I got an e mail today from one of my students' grandparents. It was a pleasant correspondence. This grandmother was concerned over her grand child's choice in reading material. The material she was reading was not any different than anyone else her age...The Vampire Diaries, but her grandmother was concerned that she was not reading enough "good literature". She asked me to gather a book list so that she could gently nudge her grand daughter towards other authors and content.
I guess I have a small issue with the term "good literature". As a reading teacher, I am thrilled to death to see my students voraciously reading...period. This young lady is in the gifted program and reads a bit higher than most of my students. I can see the point of the grandmother being worried about some explicit content. Now, I can not say how explicit the content is, it has been a long time since I have read this series, but I don't recall it being to offensive.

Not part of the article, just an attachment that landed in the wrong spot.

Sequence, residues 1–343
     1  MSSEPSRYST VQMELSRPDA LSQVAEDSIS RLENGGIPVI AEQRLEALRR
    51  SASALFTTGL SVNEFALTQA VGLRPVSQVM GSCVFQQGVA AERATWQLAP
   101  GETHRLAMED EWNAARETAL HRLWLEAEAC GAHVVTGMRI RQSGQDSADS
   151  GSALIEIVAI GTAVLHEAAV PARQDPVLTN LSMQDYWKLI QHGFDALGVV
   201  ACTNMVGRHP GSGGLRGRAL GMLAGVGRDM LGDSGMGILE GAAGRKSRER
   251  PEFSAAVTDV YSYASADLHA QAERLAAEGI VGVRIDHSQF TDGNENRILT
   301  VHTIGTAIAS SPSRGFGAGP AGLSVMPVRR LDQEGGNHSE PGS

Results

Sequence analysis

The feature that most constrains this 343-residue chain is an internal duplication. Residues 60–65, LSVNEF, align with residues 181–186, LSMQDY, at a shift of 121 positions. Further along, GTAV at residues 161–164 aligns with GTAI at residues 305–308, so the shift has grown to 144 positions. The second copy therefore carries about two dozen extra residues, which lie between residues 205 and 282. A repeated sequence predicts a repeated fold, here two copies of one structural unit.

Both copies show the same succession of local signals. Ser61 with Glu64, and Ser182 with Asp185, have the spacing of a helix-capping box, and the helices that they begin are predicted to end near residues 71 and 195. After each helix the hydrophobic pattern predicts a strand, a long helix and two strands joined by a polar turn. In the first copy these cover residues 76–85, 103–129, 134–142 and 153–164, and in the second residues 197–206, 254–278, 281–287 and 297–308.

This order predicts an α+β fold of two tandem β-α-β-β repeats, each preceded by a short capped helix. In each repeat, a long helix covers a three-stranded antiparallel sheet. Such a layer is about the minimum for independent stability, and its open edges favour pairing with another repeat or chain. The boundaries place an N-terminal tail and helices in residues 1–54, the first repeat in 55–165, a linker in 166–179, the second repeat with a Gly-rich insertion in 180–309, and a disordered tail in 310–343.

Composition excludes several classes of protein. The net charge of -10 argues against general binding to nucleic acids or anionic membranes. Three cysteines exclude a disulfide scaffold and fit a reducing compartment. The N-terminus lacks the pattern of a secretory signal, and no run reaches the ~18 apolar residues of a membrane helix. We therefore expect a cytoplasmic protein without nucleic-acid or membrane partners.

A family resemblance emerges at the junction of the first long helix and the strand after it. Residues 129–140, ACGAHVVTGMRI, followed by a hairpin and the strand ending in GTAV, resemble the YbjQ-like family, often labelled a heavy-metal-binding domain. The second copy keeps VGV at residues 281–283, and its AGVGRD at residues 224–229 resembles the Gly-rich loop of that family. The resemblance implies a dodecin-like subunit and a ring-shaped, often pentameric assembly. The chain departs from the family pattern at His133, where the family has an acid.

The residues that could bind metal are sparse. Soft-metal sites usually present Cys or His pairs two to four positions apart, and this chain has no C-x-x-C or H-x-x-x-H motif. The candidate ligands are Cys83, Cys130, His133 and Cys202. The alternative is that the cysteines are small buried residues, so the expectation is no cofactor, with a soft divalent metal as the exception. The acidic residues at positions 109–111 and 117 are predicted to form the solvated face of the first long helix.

So I went on a quest in search of some "good literature" for some enjoyable summer reading for my student. I went to Good Reads, the MSAL website ( missouri state association oflibrarians) to check on the Truman nominees for next school year, Barnes and Noble site, and a few others. Well, I found a lot of great book ideas, and compiled a list. I then decided to look at some excerpts of a few of my choices, and a few were not going to be smiled on by the grandmother.
But I did offer a few ideas and included some of the classics that my student might enjoy, and appease Grandma. It was harder than I thought to find non-explicit reading material for a gifted thirteen year old girl. If anyone has any great reads for this age group let me know. Reading level much higher than emotional level. Sometimes, this is a bigger issue than a reluctant reader.